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The headlines are grim. The motor trade is gasping for air, foreign investment into the UK is plunging, the shops are struggling, nobody is buying London offices, and there are a couple of nasty little liquidity crises at Woodford (equities) and H2O (bonds).

You cannot get more than 1.5 per cent lending to the UK government no matter how long you are prepared to tie up your money for. Index-linked stocks are only available at a guaranteed loss in real terms, giving a fresh meaning to the term protection money.

A recession, surely, is just around the corner. Yet those forward indicators of trouble, the price of shares, seem oblivious. The FTSE all-share index is only 9 per cent short of its peak, and has recovered strongly since last December’s panic.

The historic yield of 4.14 per cent may overstate the forward return, given the clutch of big names such as BT, Vodafone, and Centrica that have been paying more than they can afford, but the boost from lower sterling will compensate for at least some of the cuts. The Brexit effect has beaten down ratings compared with other equity markets.

The yield comparison with government bonds is stark, and probably not much help, since the bonds’ usefulness as an indicator of conditions has been destroyed by a decade of central banks’ quantitative easing. Meanwhile, the private equity specialists, with billions to invest, are finding plenty of value in the UK’s public markets, helped by a currency that looks too cheap. When words and figures do not agree, it is advisable to trust the figures. For all the doom and gloom, the figures for British stocks look really quite good.

Nobody’s in charge of the printing press

This is “an orderly succession process” at De La Rue, banknote and security printers: last month the CEO quit with a profit warning, and this week we learnt that the chairman is going, along with the senior independent director. To be fair, they are all hanging around until their replacements have been found, but it does rather beg the question of what a disorderly succession process might look like.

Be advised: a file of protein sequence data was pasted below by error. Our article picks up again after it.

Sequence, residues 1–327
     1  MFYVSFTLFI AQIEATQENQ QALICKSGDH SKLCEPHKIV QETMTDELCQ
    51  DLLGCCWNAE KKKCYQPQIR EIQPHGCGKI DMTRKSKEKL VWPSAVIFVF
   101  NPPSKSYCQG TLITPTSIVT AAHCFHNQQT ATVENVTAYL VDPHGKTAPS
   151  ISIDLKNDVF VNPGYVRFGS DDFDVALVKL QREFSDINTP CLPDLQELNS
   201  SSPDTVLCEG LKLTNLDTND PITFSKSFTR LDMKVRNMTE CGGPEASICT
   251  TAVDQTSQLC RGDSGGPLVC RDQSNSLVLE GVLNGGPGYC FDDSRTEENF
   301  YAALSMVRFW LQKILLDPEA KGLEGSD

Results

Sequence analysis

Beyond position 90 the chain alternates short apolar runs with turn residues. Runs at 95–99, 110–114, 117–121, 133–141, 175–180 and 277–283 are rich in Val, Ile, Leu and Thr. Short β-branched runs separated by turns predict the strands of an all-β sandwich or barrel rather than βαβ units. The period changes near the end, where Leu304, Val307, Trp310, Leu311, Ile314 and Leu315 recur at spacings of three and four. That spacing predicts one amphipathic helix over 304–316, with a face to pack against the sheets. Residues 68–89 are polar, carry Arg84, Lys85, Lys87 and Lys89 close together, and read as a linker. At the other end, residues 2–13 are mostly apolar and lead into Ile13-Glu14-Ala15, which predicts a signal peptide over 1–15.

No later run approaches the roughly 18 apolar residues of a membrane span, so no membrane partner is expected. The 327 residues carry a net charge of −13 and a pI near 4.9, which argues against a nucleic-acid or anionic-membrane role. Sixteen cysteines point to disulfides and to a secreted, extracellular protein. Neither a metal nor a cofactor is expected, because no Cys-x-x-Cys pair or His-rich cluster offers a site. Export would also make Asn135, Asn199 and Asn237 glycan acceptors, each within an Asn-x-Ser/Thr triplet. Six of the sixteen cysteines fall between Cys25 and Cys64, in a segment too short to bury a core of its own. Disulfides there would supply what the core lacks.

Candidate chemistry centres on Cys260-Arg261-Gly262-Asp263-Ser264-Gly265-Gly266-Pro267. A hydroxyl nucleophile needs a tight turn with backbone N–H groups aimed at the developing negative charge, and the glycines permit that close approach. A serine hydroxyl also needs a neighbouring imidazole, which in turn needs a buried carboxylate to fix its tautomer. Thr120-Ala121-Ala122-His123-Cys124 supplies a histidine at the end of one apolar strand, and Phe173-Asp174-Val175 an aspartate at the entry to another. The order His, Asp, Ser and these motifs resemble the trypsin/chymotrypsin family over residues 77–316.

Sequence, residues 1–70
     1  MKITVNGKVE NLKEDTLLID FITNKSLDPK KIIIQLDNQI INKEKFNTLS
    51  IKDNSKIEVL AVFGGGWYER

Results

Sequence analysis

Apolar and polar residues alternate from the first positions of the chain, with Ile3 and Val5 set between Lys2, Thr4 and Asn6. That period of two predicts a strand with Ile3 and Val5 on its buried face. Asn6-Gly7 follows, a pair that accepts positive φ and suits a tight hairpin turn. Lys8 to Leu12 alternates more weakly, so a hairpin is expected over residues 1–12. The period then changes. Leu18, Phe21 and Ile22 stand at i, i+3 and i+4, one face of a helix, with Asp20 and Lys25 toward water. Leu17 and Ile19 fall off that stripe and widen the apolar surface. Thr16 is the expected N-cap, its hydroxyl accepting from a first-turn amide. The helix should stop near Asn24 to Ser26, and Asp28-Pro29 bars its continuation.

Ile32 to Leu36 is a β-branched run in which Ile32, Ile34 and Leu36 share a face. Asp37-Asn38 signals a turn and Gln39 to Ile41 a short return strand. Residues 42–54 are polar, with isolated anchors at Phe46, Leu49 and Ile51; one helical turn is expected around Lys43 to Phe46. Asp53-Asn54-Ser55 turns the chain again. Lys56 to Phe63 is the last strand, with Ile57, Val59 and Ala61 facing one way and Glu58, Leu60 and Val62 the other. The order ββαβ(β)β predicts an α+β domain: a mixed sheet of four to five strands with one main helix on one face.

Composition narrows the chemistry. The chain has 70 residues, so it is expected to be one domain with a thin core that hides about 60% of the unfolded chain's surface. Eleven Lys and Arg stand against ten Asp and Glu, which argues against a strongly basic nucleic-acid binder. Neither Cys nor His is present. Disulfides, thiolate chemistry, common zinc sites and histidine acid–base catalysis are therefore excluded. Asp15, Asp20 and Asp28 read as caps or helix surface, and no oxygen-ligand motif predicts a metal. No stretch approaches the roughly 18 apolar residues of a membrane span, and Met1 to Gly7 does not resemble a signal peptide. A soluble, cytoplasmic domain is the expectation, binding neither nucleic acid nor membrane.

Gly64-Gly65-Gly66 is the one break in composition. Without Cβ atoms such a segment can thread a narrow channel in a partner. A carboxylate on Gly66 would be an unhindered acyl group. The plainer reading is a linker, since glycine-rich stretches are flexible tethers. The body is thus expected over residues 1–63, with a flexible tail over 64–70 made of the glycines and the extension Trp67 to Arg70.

It would also be less concerning had the shares not fallen two-thirds in six years. The succession process may be orderly, but other processes are not, as a bad-tempered results call last month demonstrated. This was of a piece with the petulant reaction last year to losing the contract to print blue post-Brexit passports — not a good look for a company wanting to print for other countries.

The latest setback is the failure of Venezuela to pay its currency printing bill, prompting wags to urge the company to run off a few extra bolívars — rather as the Venezuelan government is already doing.

For De La Rue, the prospect is for more disruption. Banknote printing has turned into a commodity business, and just when it looked as though printing clever, fake-proof, hologrammed documents was a promising way forward, along comes the eticket to threaten the whole idea of anything physical.

The company is reorganising. It needs a chairman, CEO and a pair of non-executive directors. There will surely never be a better moment to launch a bid for the business.

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Who’s the guv’nor (part II)

The Queen appoints the governor of the Bank of England, on the advice of the prime minister. Unlike many other government appointments, this one requires time to learn how to do it, and with Mark Carney due to go at the end of the year, time is getting short.

That, though, is the least of it. Should Theresa May put forward a name to the Queen next week, she might be reminded how short her remaining tenure is, and surely this is better left for the new PM? Well, obviously, but the problem then becomes: who wants the job?

The chances of a swift general election and a Corbyn government with John McDonnell pulling the economics strings have not diminished. Perhaps the best hope for conventional applicants is to risk getting fired (with a pay-off) for a left-leaning replacement. Either that, or Mr Carney gets yet another extension. After all, he has nowhere obvious to go next year.


A full list of Neil Collins’ financial interests can be found at www.ft.com/collinsportfolio

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